Carnegie Mellon University graduates Aubrey Shick and Garth Zeglin have created a social therapy robot named Romibo. This small, furry robot was designed with a surprising purpose – to help children with social development.

Therapy programs such as Fine Art Miracles Inc., headquartered in Pittsburgh, use Romibo in schools, libraries and community service centers to help children on the autism spectrum improve their social skills and reduce anxiety.

Fine Art Miracles designs social robot-enhanced art, literacy, social skills, math and science lessons for children with and without autism, a developmental disability that can cause significant social, communication and behavioral challenges. The organization also offers fine art lessons and art therapy to people of all ages who have physical, intellectual and emotional problems.

In addition to being adorable, Romibo was designed with classroom and therapeutic applications in mind. It’s durable enough to withstand serious play, and the technology that makes Romibo work is accessible to anyone who can use a tablet.

Romibo moves on two wheels and, weighing between 6 and 7 pounds, is small enough to be picked up by a child. His face is human-like but simplified. With two eyes on a computerized screen, Romibo can follow faces and hold a person’s gaze but blinks to prevent this stare from being too intense. Romibo does not have any other facial features, but he can talk. The iPad that controls his movement also allows Romibo to say words and phrases typed into the iPad. Teachers don’t need advanced technical skills to use Romibo. It’s as easy as using a smartphone app, developers say.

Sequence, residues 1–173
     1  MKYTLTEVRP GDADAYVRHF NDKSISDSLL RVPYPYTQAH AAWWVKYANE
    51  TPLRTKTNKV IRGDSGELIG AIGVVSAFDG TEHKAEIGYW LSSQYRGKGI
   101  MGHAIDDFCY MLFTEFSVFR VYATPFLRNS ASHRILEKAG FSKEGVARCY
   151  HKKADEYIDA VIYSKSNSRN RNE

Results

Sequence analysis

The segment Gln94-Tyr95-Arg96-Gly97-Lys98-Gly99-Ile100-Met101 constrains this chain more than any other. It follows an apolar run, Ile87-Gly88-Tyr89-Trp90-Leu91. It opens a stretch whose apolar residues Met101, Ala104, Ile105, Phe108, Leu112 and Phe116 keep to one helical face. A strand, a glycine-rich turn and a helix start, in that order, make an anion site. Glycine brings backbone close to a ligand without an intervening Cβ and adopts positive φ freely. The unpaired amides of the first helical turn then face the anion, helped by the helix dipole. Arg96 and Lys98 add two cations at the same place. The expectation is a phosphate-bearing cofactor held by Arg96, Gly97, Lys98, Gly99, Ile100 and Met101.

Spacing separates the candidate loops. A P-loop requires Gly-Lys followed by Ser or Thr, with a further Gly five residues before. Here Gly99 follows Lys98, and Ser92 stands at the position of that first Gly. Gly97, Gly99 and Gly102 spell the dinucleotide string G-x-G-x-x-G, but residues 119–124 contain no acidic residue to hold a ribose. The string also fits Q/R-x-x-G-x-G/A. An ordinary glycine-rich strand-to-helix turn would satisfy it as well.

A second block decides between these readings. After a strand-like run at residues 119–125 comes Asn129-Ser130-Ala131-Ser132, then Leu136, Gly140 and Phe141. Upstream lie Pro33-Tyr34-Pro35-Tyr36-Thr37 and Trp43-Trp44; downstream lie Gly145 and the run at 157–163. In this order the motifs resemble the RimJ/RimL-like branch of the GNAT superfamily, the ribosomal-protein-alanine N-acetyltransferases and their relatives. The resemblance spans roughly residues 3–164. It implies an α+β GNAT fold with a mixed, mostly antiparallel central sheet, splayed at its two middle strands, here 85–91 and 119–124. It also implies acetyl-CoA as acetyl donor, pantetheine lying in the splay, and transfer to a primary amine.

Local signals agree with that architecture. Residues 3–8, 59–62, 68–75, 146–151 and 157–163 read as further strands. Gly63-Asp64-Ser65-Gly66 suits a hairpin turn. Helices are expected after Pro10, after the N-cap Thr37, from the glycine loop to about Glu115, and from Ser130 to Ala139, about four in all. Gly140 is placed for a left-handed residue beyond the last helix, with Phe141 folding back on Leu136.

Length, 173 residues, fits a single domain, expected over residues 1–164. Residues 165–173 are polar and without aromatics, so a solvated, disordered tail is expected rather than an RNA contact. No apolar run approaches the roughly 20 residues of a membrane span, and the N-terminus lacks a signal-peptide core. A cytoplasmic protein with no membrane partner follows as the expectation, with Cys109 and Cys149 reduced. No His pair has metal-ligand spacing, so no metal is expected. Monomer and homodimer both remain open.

Although Fine Art Miracles is the only organization on the East Coast that uses social robots as a therapy tool, this use is not new, said Jared Peters, co-founder of Origami Robotics. Therapists have used them to help children on the autism spectrum since at least the ’90s. But some types of robots can cost up to $30,000, making them out of financial reach for most local therapy programs, he added.

Romibos are more affordable at $698 each, according to the Origami Robotics website.

Evidence so far has shown a distinct benefit for children who work with Romibo. While it isn’t clear why Romibo helps in this way, the results are evidence enough that this is a path worth looking into.

“I would have parents burst into tears and say, ‘He has never completed an art project before,’ ” Ms. Lojacono said. “We took kids who had an ‘I can’t’ attitude and saw it change.”

While the success of robots such as Romibo as social therapy tools has been well documented, the scientific reason behind it is still unclear.

“My personal take is that since robots are an embodied form [of humans] they elicit a more familiar response in us that we don’t get in a character behind a screen,” Mr. Peters said.

Read the whole article on the Pittsburgh Post-Gazette website.